Identity Politics and the Sotomayor Nomination

For many decades now, ethnic and gender diversity in the corridors of power and influence has been a goal accepted by most Americans. The arguments around it have centered mainly on the strategies by which it might best be achieved, not on whether diversity is a good thing in and of itself.

Democrat and Republican presidents alike have sought to create cabinets that "look like America," and the Supreme Court has had a tradition, beginning with Justice Thurgood Marshall in 1967, of expanding to include blacks and then women. This process is not just to show how open-minded we have become; it is also strategically designed to appeal to minorities and woo their votes.

The nomination of Sonia Sotomayor is, in some ways, just a continuation of this trend. She would be the third woman to have served on the Court and the first Hispanic. Her "compelling" life story has been lauded by both sides, but her views have not -- particularly those she expressed when addressing a 2001 Berkeley crowd gathered (appropriately enough) to celebrate judicial diversity by honoring the 40th anniversary of the appointment of the first Latino judge to a federal district court.

Sotomayor's remarks there highlight a disagreement over the purpose of judicial diversity. There is general agreement on the first principle: Such diversity is an example of the triumph of equal opportunity in our country. We've all come a long way, baby, from the days when only white men could sit in those black robes and attempt to dispense dispassionate and impartial justice in the highest court in the land.

But there is a second and much more controversial purpose for diversity, one to which liberals and the Left are far more likely than conservatives and the Right to ascribe. Sotomayor conveyed this second goal in her speech to that Berkeley crowd: Appointing a judge of an ethnicity and/or gender considered previously underprivileged is a good thing because these traits are -- and should be -- an intrinsic part of the judge's decision-making process and will affect it in ways she feels are positive.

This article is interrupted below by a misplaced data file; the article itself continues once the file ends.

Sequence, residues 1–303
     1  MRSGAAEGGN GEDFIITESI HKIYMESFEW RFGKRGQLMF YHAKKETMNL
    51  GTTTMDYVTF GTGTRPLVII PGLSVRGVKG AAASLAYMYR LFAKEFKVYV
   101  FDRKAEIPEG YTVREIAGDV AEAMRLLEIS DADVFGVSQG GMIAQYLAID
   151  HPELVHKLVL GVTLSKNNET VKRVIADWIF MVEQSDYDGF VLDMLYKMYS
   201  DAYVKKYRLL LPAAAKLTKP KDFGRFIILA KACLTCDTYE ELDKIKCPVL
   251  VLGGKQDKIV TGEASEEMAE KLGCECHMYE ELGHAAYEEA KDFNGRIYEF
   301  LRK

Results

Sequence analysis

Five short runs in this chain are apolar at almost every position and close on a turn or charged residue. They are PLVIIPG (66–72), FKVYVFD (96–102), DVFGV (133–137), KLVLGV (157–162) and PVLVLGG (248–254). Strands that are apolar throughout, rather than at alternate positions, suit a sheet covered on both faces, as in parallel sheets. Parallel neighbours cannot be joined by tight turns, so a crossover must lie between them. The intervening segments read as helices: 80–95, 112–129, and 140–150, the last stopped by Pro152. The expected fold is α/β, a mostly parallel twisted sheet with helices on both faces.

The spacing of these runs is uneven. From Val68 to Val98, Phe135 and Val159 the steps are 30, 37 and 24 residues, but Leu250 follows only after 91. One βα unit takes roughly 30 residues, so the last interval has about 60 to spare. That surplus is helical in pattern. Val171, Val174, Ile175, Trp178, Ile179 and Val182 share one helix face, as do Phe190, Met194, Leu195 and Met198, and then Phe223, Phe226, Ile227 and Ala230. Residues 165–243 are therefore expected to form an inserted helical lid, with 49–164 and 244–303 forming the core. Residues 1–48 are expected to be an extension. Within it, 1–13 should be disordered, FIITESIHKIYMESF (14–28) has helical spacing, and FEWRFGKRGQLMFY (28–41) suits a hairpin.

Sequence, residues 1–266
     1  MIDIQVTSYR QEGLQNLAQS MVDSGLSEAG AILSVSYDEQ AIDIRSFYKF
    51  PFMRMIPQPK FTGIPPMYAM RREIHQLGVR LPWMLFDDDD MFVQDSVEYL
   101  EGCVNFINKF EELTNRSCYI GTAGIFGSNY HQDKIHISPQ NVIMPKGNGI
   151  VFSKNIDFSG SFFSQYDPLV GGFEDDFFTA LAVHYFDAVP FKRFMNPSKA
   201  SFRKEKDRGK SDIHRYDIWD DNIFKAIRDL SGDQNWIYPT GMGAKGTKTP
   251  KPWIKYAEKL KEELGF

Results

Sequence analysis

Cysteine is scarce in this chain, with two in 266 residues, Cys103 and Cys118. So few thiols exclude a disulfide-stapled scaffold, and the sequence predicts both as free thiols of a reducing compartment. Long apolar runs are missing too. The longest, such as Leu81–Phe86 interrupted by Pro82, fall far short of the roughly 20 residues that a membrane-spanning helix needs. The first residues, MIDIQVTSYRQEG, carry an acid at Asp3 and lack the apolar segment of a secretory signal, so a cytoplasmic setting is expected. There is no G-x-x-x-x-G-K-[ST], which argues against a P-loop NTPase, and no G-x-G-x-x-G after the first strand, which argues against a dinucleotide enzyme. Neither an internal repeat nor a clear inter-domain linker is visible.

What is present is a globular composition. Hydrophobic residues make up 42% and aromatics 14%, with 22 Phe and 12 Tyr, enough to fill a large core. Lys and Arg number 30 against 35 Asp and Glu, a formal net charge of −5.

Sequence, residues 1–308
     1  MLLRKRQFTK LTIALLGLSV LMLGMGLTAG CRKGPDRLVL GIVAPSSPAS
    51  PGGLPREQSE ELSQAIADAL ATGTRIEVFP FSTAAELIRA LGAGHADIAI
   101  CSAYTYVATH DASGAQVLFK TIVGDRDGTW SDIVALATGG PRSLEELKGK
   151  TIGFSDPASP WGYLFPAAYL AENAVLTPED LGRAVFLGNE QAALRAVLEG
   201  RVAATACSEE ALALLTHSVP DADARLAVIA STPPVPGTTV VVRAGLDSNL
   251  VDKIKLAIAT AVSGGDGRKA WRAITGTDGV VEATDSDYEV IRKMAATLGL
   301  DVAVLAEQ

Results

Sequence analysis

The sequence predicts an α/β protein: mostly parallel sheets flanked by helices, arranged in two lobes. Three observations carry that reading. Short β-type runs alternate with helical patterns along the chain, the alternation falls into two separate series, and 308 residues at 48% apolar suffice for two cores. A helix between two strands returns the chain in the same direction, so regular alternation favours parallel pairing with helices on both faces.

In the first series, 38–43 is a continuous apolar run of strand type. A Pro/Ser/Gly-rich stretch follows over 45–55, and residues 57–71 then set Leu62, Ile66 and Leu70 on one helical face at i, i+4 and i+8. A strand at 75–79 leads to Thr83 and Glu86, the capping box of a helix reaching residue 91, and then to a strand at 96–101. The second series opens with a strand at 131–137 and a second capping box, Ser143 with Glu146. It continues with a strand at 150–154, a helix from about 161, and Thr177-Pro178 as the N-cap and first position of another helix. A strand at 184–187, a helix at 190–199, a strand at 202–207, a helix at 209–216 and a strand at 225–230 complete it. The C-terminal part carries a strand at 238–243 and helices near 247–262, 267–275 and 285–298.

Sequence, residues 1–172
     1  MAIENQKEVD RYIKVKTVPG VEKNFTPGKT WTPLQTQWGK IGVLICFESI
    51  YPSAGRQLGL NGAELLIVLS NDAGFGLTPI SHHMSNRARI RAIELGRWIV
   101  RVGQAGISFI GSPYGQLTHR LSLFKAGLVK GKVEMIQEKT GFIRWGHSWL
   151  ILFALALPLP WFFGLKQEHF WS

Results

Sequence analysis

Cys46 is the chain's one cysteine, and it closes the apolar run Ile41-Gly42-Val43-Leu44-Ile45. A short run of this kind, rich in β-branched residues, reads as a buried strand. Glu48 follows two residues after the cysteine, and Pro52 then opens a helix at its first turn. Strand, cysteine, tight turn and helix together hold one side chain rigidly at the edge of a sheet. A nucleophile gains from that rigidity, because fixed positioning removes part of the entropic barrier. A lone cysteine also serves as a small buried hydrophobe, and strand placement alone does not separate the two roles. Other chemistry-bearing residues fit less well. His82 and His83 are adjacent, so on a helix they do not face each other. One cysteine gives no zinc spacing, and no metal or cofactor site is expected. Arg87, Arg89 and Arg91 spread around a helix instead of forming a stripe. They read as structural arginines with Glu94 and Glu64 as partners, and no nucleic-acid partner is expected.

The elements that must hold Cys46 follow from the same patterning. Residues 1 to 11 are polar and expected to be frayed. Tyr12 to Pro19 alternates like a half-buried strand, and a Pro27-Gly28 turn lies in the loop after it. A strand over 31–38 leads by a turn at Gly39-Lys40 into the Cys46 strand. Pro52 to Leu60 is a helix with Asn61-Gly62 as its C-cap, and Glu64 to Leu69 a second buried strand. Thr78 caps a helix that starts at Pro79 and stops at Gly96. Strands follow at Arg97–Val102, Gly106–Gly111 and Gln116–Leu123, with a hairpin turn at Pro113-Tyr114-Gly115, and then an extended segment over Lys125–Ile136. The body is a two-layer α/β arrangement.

In her speech, Sotomayor stated that she not only accepts that judges would vote differently based on gender and national origins, but that she hopes "a wise Latina woman with the richness of her experience would more often than not reach a better conclusion than a white male who hasn't lived that life," and that judicial impartiality is an aspiration that ignores these realities. That notion flies in the face of the overriding goal of an impartial legal system that is blind to such differences, with judges who are able to treat everyone as equal under the law.

The tension between these two strains of legal thought is not new. We see it in the evolution of the jury system. For example, the movie 12 Angry Men was made in 1957, when juries were still commonly all white and all male. It was only during the 60s and 70s that a series of legal rulings declared that juries, which make decisions about a person's legal fate (and are supposed to do so impartially), must be more representative of America's population in terms of race and gender. Inherent in that idea is that jury members will indeed be likely to bring their gender and racial identities to bear on their decisions -- and that there will be fairer judgments if juries are more representative and diverse.

But juries are composed of untrained citizens. Judges are very different; they are supposed to be rigorously schooled and sworn to impartiality, and this must include the need to transcend their ethnic and racial and gender identities in the interests of justice. That is what Sandra Day O'Connor meant when she made the statement Judge Sotomayor quoted -- and disagreed with -- that "a wise old man and wise old woman will reach the same conclusion in deciding cases."